In the current study, we evaluated the characteristics of the thoracolumbar facet transition and sought to determine the reliability of this transition in identifying the T12 segment. Commonly used markers for segmental numbering were also evaluated, including the position of the lowest set of floating ribs and the lowest fully-formed intervertebral disc.
Materials and Methods
We retrospectively reviewed the images of 262 consecutive adults who had received cervical, thoracic, and lumbar spine CT examinations at our institution between January, 2009 and December, 2011. Exclusion criteria consisted of any factor that would interfere with evaluation of facet orientation and accurate segmental numbering, such as: severe artifacts, displaced fractures, severe spinal deformity, congenital segmentation anomalies, or surgical fusion. The most common indications for the CT examinations reviewed included trauma, preand post-surgical spine evaluations, and scoliosis.
All CT examinations were performed on 64 detector GE LightSpeed VCT scanners and the images were reviewed with the Philips Intellispace PACS and Philips Intellispace Portal (Koninklijke, Philips N.V., 2014). In each case, the vertebral segments were numbered from craniad to caudad with the assumption of seven cervical and twelve thoracic segments [15]. The position of the thoracolumbar facet transition, type of thoracolumbar facet transition (gradual or abrupt), position of the caudal-most thoracic ribs, position of the lowest fullyformed intervertebral disc, and presence or absence of lumbosacral transitional anatomy were recorded.
Each CT examination was independently reviewed by a board certified, fellowship trained, staff neuroradiologist holding a Certificate of Added Qualification in Neuroradiology from the American Board of Radiology and an upper level radiology resident. Inter-rater reliability was quantified with the use of the Kappa coefficient.
The thoracolumbar facet transition was defined as the segment or segments in which the facets change in orientation from the near coronal orientation typical of the thoracic segments (Figure 1) to the more sagittal orientation that is typical of the lumbar segments (Figure 2). Facet transitions were recorded as “abrupt” if the transition occurred at one segment. Facet transitions were recorded as “gradual” if they occurred over more than one segment. The orientation of the zygapophyseal joint with respect to the mid-sagittal line was used to determine facet angulation. Superior articular facets angled 0-90 degrees were considered to be posterolaterally or posteriorly oriented. Inferior articular facets with angles greater than 90 degrees were considered to be anterolaterally oriented. The shape of the facet (i.e. flat or curved) was not considered due to the considerable morphologic variation that has been reported previously [16].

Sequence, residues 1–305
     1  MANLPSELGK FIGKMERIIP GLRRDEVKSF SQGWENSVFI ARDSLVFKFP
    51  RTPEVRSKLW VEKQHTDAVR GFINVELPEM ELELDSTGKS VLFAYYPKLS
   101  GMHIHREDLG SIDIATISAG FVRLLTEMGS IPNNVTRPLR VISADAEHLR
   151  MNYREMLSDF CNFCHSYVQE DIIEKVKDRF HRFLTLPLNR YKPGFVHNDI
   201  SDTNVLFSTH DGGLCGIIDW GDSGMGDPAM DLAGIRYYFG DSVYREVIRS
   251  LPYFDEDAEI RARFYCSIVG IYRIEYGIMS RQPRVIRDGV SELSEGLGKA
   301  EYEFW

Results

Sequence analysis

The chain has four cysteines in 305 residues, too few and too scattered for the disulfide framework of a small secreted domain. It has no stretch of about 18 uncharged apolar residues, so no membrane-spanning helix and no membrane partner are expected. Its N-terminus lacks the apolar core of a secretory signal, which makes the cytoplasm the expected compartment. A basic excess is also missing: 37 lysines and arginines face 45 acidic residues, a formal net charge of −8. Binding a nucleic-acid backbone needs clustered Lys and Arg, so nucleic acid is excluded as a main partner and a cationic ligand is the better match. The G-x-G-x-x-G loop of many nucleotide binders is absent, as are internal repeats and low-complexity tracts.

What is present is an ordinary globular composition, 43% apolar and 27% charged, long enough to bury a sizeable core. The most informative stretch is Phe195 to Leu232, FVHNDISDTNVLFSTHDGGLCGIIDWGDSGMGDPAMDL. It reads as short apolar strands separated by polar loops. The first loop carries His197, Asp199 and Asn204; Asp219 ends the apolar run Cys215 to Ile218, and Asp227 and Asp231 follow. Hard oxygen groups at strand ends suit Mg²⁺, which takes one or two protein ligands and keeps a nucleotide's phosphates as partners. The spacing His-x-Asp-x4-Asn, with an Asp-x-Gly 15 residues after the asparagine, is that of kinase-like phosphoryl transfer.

The position of the caudal most ribs was determined with the use of criteria adapted from Wigh [17] and Carrino, et al. [18]. A rib was defined as a bony structure that slopes from superomedial to inferolateral and maintains a central articulation with the vertebral body. A transverse process was defined as a horizontal bony process that does not centrally articulate with the vertebral body.
In order to determine if variations in rib number are associated with lumbosacral transitional anatomy, the presence or absence of lumbosacral transitional anatomy, as defined by the Castellvi et al. [19] system, was recorded for each patient. Lumbosacral transitional anatomy was not further categorized. A two-tailed Fisher Exact Test was used to determine if there was an association between a variant number of ribs and transitional anatomy at the lumbosacral junction. A p-value of less than 0.05 was considered to be statistically significant.
This study was conducted under institutional review board approval (reference number pro-00000525). The study was Health Insurance Portability and Accountability Act compliant. Descriptive and inferential statistics were calculated with the use of StatPlus: mac 2009 5.8.3.8.
Results
The final sample consisted of 244 cases. A total of 18 cases were excluded. The most common reasons for exclusion were: severe fractures (n=3), severe congenital fusion anomalies (n=3), and the presence of surgical hardware with segmental fusion (n=2). The patient sample was 63% male and 37% female with an age range of 16-87 years (mean age=34 years).
There was perfect agreement amongst the raters (Kappa=1.0). The thoracolumbar facet transition was abrupt in 227/244 (93%) cases and gradual in 17/244 (7%) cases. The facet transition was located at the eighteenth segment in 50/244 (20%) of cases, the nineteenth segment in 184/244 (75%) of cases, and twentieth segment in 10/244 (4%) of cases.
The lowest set of ribs was observed at the nineteenth segment in 225/244 (92%), twentieth segment in 11/244 (5%), and eighteenth segment in 8/244 cases. The lowest fully-formed intervertebral disc was located between the twenty-third and twenty-fourth segments in 9/244 (4%), twenty-fourth and twenty-fifth segments in 216/244 (88%), and twenty-fifth and twenty-sixth segments in 19/244 (8%).
Twelve sets of ribs were most commonly observed, with the caudalmost set of ribs associated with the nineteenth vertebral segment in 225/244 (92%) of cases. Thirteen sets of ribs were observed in 11/244 (5%) of cases and eleven sets of ribs were observed in 8/244 (3%) of cases, with the caudal-most ribs associated with the twentieth and eighteenth vertebrae, respectively. Cervical ribs were present at C7 in one patient that were not included in the total rib count.